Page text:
TV Review: Rev.

28/07/10 | Posted by MattPage

The BBC's latest sit-com, Rev., has been pulling in praise from religious and non-religious critics alike. With only one episode to go, now seemed like a good time to review the series as a whole before it disappears for the summer*.

image
 Tom Hollander as Rev. Adam Smallbone

Having used its opening episode to set the scene and swiftly severed any connections to The Vicar of Dibley (by having Rev. Adam Smallbone smoke, get drunk and swear at a gang of builders) the subsequent episodes of Rev. have not only found some big laughs, but have also managed to deliver the occasional deeper moment. Adam’s prayers, for example, seem particularly well executed.

The series deals with various challenges facing modern-day clergy. The introductory episode tackled the thorny issue of selection for church schools. Episode 3 explored interfaith dialogue, last week’s offering dealt with faith in the media, whilst Monday’s looked at the isolation and loneliness felt by many in the priesthood. But it was the second episode – where Adam meets an over-enthusiastic fellow vicar called Darren – where the programme not only dealt with ‘the church’ but also touched on Jesus.

Darren and Adam have been uneasily combining their congregations, a challenge given Darren’s slicker, more youth-orientated, style. But when one of Adam’s more confused parishioners, Colin, pinches one girl’s bottom, Darren insists he should be barred. Adam refuses.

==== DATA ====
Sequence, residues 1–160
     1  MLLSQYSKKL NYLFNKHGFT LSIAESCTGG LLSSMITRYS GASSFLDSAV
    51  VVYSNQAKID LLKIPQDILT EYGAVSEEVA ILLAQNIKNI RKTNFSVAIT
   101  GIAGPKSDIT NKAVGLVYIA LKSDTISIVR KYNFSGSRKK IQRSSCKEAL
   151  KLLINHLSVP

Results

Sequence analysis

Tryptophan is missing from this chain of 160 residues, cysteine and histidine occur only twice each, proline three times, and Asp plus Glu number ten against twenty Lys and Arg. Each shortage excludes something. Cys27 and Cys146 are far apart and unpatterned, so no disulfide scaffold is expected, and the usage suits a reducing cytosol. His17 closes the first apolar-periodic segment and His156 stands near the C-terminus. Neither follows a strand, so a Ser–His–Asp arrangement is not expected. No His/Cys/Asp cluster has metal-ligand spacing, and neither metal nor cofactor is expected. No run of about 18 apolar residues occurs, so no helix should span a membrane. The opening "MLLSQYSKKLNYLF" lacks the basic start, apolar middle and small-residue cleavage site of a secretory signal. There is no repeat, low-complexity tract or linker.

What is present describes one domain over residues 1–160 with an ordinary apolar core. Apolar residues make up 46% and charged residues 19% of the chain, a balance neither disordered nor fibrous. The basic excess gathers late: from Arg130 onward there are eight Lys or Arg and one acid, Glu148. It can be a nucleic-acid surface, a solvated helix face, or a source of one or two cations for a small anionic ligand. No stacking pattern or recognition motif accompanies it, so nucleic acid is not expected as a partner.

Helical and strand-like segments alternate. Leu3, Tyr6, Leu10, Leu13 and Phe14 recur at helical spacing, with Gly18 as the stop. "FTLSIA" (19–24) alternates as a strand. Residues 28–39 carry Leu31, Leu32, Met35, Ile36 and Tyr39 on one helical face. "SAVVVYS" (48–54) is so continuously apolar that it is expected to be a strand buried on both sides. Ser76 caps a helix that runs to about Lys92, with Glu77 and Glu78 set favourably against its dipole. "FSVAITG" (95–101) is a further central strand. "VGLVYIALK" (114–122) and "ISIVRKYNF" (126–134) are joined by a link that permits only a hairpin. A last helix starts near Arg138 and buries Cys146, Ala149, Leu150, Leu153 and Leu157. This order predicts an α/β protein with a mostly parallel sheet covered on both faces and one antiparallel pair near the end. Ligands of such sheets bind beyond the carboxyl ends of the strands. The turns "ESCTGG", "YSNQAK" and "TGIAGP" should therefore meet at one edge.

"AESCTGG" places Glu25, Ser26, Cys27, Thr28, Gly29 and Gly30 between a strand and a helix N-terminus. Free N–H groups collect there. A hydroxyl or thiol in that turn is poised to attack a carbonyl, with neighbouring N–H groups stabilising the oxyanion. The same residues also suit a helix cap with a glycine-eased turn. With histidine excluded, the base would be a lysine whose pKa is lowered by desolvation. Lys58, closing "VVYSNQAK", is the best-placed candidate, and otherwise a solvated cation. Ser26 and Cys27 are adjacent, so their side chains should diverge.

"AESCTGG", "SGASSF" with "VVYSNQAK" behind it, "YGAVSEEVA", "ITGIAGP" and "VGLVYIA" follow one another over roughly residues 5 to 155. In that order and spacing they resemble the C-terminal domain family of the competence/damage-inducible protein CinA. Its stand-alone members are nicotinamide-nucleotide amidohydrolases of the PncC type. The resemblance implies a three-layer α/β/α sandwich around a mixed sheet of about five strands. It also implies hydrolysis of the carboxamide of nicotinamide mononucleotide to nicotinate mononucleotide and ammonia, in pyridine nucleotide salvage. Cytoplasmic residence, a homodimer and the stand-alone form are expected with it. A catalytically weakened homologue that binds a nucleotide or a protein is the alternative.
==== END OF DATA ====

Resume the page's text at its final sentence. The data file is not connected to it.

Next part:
What’s interesting is that whilst they clash on this and numerous other issues, both men believe they are right in following Jesus. Darren (whilst clearly the villain of the piece) argues the importance of appealing to people. There’s plenty in the gospels to support that,  from Jesus’ easy-to-understand parables, to his crowd-impressing miracles. Adam, on the other hand argues for the importance of the unimportant, and, most passionately, for forgiveness. He quotes Matthew 18 “’Lord, how many times am I to forgive my neighbour? Seven times?’...’Seventy times seven’ said the Lord”. There’s truth and error in what both men say, perhaps because following Jesus is such a tricky thing to do.

One of the strengths of the series is that it has a real sense of what it is and what it’s not. Take the third episode for example, where Adam uneasily welcomes a Muslim group into his church and leads a protest against a lap dancing club. After a decade of cringe inducing comedy such as The Office and Peep Show it seemed inevitable that Adam would make some awful gaffe, insulting the Muslim and being caught in a compromising situation with an exotic-dancer. Yet the programme makers were somehow brave enough to avoid such an obvious source of gags, content to find a more natural type of comedy, flowing from a more true-to-life scenario. Much of the humour comes from Adam himself, caught between his ideals and the real world, occasionally slipping from humility into pomposity, Rev. isn’t just about vicars; it’s about being human.

There’s not yet been an announcement as to whether the programme is going to be given a second series, but I hope so. It’s rare that a comedy manages to be genuinely funny and yet honest and profound all in the same half hour.


*The final episode of “Rev.” will be broadcast on this Monday (2nd August) at 10pm on BBC2. The first five episodes are all still available on the BBC’s iPlayer.

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Your comments

I totally agree Matt although hilarious might be stretching it - funny at times yes. But i never laughed out loud, with the possible exception of the youth church episode, as i have been there done that!

#1. By Lee from www.LeeandBaz.com on August 04, 2010

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